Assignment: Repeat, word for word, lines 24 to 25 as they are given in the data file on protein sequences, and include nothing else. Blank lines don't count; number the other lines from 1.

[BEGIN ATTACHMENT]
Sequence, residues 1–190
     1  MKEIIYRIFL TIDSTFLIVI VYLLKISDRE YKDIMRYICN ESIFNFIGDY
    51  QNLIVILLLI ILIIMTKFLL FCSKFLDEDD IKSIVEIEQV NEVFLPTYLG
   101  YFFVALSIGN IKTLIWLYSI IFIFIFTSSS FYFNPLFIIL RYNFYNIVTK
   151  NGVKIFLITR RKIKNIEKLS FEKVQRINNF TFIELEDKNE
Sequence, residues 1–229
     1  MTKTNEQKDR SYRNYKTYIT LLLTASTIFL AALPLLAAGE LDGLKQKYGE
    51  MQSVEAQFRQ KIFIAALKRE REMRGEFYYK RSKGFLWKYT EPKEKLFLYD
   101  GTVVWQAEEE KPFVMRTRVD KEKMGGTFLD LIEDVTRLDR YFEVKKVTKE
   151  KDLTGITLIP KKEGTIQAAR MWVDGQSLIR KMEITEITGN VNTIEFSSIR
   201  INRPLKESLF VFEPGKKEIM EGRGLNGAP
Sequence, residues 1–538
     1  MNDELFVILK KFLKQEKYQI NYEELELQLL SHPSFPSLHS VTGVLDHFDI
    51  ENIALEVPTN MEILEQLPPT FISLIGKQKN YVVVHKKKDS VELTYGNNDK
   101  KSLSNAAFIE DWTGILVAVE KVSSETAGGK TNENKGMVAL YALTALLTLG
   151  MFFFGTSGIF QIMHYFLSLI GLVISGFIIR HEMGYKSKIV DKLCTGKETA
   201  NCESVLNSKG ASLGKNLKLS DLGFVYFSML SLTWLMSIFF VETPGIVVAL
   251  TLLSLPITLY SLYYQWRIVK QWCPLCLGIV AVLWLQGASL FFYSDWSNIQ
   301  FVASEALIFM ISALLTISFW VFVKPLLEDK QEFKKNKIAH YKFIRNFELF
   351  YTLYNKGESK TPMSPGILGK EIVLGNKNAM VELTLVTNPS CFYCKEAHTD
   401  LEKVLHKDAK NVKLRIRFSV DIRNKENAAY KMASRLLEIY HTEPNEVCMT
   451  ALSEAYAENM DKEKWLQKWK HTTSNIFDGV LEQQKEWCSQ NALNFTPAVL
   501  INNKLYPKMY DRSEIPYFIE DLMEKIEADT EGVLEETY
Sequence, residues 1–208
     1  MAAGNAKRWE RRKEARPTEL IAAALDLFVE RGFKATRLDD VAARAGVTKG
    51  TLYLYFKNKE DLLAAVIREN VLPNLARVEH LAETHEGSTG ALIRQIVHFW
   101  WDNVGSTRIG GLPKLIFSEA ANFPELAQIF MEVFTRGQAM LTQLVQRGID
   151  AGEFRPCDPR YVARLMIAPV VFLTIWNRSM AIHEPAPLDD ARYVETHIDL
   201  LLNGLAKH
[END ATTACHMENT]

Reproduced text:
Sequence, residues 1–208
     1  MAAGNAKRWE RRKEARPTEL IAAALDLFVE RGFKATRLDD VAARAGVTKG